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'Cellphone' Killer Jailed For 25 Years

THEA Williams pictured outside court in January, 2018.

THEA Williams pictured outside court in January, 2018.

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Victim Breanna Mackey.

By NICO SCAVELLA

Tribune Staff Reporter

nscavella@tribunemedia.net

THEA Williams was sentenced to 25 years in prison by a Supreme Court judge yesterday for stabbing teenage mother Breanna Mackey to death last year because she broke her friend’s cellphone.

Justice Cheryl Grant-Thompson sentenced the 22-year-old to 25 years minus the time she has spent on remand, a year and some four months, in pursuance of a plea agreement her attorney reached with the Crown.

She is further ordered to undergo one year of counselling, inclusive of anger management lessons, and another year of probation upon completion of her sentence. She will be 46-years-old by the time that comes around.

Meanwhile, an 18-year-old woman whose name has been withheld because she was charged as a minor, was sentenced to 12 years in prison in connection with Mackey’s death. She is also ordered to serve one year’s probation after completing her sentence.

Prior to receiving her sentence, and as part of a plea deal, she pleaded not guilty to murdering Mackey, but guilty to the lesser charge of manslaughter. Her sentence is non-inclusive of any further time deductions.

Justice Grant-Thompson further noted that she will direct the commissioner of the Bahamas Department of Correctional Services (BDCS) not to house the pair with two other girls allegedly involved in the killing for their own safety until they stand trial over Mackey’s death.

The judge further noted she would ask the commissioner to ensure both women have access to educational opportunities so as to allow them both to be in a position to make a positive contribution to society once they are finished serving their sentences.

Another accused, who is currently on bail awaiting trial, returns to court next week Monday.

Mackey, a mother of one, was stabbed to death on January 25, 2018, the day after celebrating her 19th birthday.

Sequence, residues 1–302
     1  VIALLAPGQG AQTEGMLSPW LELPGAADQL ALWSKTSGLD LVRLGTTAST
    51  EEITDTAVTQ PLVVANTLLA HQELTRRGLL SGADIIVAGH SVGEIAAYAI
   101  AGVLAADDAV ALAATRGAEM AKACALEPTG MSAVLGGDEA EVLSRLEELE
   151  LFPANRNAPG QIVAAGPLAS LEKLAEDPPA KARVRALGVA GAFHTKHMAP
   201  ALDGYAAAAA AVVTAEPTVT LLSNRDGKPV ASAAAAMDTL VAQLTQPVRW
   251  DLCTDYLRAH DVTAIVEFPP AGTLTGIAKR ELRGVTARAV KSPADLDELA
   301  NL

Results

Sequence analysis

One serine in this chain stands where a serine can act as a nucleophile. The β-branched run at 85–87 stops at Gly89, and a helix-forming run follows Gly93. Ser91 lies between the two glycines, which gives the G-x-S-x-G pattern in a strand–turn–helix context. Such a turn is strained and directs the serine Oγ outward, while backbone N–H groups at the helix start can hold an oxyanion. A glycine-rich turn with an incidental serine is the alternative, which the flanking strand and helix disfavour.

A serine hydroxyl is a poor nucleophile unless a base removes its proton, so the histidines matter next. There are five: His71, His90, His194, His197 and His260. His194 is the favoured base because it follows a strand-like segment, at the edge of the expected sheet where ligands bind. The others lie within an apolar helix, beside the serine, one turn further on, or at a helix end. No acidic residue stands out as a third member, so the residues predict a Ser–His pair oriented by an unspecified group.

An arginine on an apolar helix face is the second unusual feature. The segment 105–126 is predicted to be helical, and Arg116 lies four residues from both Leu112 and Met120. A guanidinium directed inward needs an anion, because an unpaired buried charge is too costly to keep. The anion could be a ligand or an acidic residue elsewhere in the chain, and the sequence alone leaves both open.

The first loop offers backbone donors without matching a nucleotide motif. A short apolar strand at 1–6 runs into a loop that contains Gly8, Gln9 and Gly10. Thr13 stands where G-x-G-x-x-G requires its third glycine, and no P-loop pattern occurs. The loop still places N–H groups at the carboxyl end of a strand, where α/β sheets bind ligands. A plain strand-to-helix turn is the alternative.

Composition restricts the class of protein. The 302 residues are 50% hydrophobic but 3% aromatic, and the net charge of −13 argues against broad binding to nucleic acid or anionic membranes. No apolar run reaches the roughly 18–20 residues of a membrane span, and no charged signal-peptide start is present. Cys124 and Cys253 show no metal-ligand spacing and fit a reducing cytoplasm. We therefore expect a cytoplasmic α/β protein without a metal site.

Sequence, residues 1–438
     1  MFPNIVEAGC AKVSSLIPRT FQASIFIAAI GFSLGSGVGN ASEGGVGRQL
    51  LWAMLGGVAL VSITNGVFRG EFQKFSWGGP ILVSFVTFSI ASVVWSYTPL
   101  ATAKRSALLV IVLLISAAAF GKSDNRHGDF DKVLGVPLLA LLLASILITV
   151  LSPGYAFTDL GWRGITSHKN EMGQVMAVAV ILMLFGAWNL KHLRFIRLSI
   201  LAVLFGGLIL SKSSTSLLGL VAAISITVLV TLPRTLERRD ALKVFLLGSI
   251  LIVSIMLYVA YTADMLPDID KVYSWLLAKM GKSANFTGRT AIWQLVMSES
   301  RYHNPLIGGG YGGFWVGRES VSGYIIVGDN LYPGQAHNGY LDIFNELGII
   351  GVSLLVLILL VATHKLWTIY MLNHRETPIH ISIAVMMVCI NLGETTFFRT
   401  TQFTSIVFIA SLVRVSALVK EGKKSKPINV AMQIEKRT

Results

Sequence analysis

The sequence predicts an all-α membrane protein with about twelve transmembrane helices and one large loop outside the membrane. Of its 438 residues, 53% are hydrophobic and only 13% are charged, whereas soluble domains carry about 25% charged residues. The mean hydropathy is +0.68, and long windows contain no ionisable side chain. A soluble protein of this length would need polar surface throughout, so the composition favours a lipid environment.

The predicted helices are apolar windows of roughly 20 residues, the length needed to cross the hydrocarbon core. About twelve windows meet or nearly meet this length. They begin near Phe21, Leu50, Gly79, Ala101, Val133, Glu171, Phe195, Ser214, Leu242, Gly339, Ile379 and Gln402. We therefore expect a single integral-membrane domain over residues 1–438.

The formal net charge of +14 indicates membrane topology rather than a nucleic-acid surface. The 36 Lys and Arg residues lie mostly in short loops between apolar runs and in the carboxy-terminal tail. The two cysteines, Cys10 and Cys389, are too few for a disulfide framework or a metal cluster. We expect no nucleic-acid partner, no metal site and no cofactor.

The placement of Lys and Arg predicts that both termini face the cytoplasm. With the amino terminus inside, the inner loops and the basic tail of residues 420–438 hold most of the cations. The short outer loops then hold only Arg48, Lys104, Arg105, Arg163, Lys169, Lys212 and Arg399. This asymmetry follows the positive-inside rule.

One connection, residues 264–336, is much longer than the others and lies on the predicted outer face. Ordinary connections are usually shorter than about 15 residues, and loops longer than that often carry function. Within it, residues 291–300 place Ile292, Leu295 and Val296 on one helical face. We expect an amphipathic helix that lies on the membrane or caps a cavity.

According to the facts read off by prosecutor Cephia Pinder-Moss, sometime around 5.48pm on the date in question, police control room was contacted about reports that a female was stabbed about the body in the Key West Street area off Cordeaux Avenue. A crew of police officers was consequently dispatched to investigate.

Upon their arrival, a female who was identified as the victim’s sister, Latisha Woodside, directed officers to a brown and white two-storey apartment complex situated on the eastern side of Key West Street. On the porch, just in front of door number 9, officers discovered a semi-conscious female lying face down suffering from four stab wounds to the upper back and two stab wounds to the right arm.

The woman, later revealed to be Mackey, was subsequently transported to the Princess Margaret Hospital where she died around 8.28pm.

Further investigations led officers to arrest Williams who, when interviewed on the matter, admitted to killing Mackey.

The 18-year-old, meanwhile, admitted her involvement in the offence in that she knew of the weapon used to kill Mackey, and that she also kicked the deceased during the fatal altercation.

Prior to sentencing the pair yesterday, Justice Grant-Thompson called Mackey’s death a “senseless” and “inexplicable” killing motivated by some of the “most trivial and spurious” set of circumstances.

She further noted that society is “saddened” by such sentencing exercises, and suggested they represented a lose-lose situation in that Mackey, a young person, lost her life, and two other young persons were sentenced in relation to her death.

However, the judge encouraged the pair to use the experience to change their lives so that “all is not lost”, particularly Williams, whom she noted initially tried to “take responsibility” for killing Mackey by pleading guilty to murdering her when formally arraigned before her last year.

Williams, as well as the 18-year-old, both sobbed audibly as the judge commented on the matter, though Williams’ cries were noticeably more demonstrative. Both of them declined to comment when asked if they would like to say something before their respective sentences were passed.

They were subsequently led out of the courtroom one by one to begin serving their prison sentences.

Joseph D’Arceuil represented Williams, while Sonia Timothy represented the 18-year-old.

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